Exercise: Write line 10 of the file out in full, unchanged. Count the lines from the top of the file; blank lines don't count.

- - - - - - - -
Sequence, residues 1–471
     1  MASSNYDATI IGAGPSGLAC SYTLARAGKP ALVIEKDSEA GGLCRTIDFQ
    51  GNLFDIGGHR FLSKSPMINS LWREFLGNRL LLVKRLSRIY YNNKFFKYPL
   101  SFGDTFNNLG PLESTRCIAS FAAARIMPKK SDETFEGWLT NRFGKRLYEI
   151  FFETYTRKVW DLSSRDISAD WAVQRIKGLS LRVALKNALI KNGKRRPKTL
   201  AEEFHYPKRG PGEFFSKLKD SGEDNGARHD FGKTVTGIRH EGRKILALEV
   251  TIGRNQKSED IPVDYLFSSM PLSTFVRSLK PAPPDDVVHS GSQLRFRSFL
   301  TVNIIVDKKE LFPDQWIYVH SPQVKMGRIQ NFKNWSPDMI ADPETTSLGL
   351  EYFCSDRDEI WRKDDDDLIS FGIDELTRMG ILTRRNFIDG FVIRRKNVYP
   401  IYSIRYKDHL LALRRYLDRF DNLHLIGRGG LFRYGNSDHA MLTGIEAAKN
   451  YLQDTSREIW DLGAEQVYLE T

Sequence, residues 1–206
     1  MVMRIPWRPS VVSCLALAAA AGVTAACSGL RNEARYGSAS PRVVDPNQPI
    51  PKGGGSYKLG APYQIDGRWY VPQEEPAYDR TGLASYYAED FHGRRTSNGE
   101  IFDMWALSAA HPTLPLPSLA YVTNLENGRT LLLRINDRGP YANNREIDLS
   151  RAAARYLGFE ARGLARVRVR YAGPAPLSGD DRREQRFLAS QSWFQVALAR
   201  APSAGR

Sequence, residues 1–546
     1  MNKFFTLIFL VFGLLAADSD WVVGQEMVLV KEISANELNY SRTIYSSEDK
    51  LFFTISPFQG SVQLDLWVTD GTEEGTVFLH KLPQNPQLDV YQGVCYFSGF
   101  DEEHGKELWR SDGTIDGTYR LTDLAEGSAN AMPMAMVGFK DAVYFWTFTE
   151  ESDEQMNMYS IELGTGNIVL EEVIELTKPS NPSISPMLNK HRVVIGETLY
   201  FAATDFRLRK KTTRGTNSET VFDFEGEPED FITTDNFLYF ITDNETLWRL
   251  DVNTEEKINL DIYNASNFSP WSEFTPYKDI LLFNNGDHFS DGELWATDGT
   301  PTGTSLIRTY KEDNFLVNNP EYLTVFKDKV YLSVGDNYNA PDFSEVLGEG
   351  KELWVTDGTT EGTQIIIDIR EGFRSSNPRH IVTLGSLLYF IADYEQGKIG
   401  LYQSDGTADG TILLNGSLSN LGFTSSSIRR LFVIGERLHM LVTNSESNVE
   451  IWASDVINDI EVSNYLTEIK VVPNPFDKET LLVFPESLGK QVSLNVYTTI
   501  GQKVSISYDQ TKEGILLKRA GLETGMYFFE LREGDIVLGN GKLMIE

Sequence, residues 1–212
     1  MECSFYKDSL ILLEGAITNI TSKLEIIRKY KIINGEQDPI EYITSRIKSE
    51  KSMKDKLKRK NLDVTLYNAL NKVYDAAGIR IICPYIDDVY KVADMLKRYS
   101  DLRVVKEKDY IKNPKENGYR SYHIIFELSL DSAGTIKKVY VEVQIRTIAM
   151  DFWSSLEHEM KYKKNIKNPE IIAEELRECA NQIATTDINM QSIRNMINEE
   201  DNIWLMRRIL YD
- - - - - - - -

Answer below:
   401  IYSIRYKDHL LALRRYLDRF DNLHLIGRGG LFRYGNSDHA MLTGIEAAKN